The fresh-faced youngster watched the game from the bench, an unused substitute for Spanish international Santi Cañizares. He was soon back playing for the youth team, and studying for exams alongside his schoolmates. But the wheels had been set in motion.
Aged just 18 years and 115 days, Casillas made his first team debut in September 1999 at Athletic Bilbao’s San Mames stadium, a game which ended in a 2-2 draw. Three days later, he made his first Champions League appearance in a group match away at Greek side Olympiakos.
At the end of a whirlwind eight months, he had become the youngest goalkeeper ever to play in a European Cup or Champions League final, crowning the evening with a clean sheet as fellow La Liga club Valencia were beaten 3-0 and Madrid claimed an eighth tournament victory.
The homegrown ’keeper ‘had arrived to stay’, as they say in Spain. The following year saw Casillas claim his first La Liga winner’s medal, but it was not all plain sailing; a handful of costly mistakes during the 2001-02 campaign culminated in Cesar Sánchez replacing him as first choice at the
That season’s story was far from over, however. With 20 minutes remaining in the last game of the year, Sánchez picked up an injury. It just so happened that Madrid’s last game of the season was the Champions League final against Bayer Leverkusen in Glasgow. It is a night remembered above all for Zinedine Zidane’s impossibly graceful left-foot volley that won the game for Madrid, but a string of brilliant late saves from the substitute goalkeeper would prove just as decisive. For many, it marked a maturation point in his career.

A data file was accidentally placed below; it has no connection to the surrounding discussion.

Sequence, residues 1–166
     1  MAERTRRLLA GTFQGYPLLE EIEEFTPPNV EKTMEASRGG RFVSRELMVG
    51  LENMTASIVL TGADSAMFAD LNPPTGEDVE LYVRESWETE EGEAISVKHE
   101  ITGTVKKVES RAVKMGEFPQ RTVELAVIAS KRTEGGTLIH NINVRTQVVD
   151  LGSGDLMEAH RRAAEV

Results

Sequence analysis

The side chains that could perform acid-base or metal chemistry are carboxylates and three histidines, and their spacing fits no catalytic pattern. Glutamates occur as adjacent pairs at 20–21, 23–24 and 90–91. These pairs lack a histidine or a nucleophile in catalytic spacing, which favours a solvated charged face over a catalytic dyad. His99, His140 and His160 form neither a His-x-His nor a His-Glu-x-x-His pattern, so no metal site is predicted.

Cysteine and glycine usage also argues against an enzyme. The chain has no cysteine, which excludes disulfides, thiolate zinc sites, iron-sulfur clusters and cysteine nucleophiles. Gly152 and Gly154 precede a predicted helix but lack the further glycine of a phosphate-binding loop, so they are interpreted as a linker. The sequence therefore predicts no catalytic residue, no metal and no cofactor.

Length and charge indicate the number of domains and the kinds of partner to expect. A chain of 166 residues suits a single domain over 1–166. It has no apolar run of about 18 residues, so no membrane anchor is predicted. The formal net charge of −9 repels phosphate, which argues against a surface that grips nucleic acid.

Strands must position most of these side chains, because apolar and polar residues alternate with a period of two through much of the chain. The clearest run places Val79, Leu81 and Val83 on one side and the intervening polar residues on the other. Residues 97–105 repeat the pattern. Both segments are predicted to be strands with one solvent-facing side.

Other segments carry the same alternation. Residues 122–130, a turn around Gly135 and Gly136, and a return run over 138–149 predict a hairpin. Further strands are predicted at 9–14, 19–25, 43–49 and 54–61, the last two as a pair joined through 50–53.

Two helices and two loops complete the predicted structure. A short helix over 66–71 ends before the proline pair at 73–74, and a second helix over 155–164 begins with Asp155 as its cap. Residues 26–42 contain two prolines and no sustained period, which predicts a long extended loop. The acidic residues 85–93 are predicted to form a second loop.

At just 21, Casillas was already a two-time European Cup winner, standing shoulder to shoulder with some of the best players in the world. By contrast, his friends from the Instituto in Móstoles were still studying or had just begun their working lives. How does anyone deal with such a change in circumstances?
“I started very young,” Casillas says, “and balanced secondary school with Real Madrid. It was a great time [for the club] – the era of the Galácticos, when we won European Cups, Intercontinental Cups, Ligas … Spending every day with players of immense stature like David Beckham, Ronaldo, Zidane, Roberto Carlos, [Luis] Figo… it was a privilege for me. I felt like a competition winner. It was a wonderful period for the club, and it’s unfortunate that we didn’t win more trophies. But I am still immensely proud to have been a part of it.”